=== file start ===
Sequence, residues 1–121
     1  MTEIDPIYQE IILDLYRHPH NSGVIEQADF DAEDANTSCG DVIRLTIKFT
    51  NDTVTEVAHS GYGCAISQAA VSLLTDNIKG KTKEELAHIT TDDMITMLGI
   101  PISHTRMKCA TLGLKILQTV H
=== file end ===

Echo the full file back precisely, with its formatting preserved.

Sequence, residues 1–121
     1  MTEIDPIYQE IILDLYRHPH NSGVIEQADF DAEDANTSCG DVIRLTIKFT
    51  NDTVTEVAHS GYGCAISQAA VSLLTDNIKG KTKEELAHIT TDDMITMLGI
   101  PISHTRMKCA TLGLKILQTV H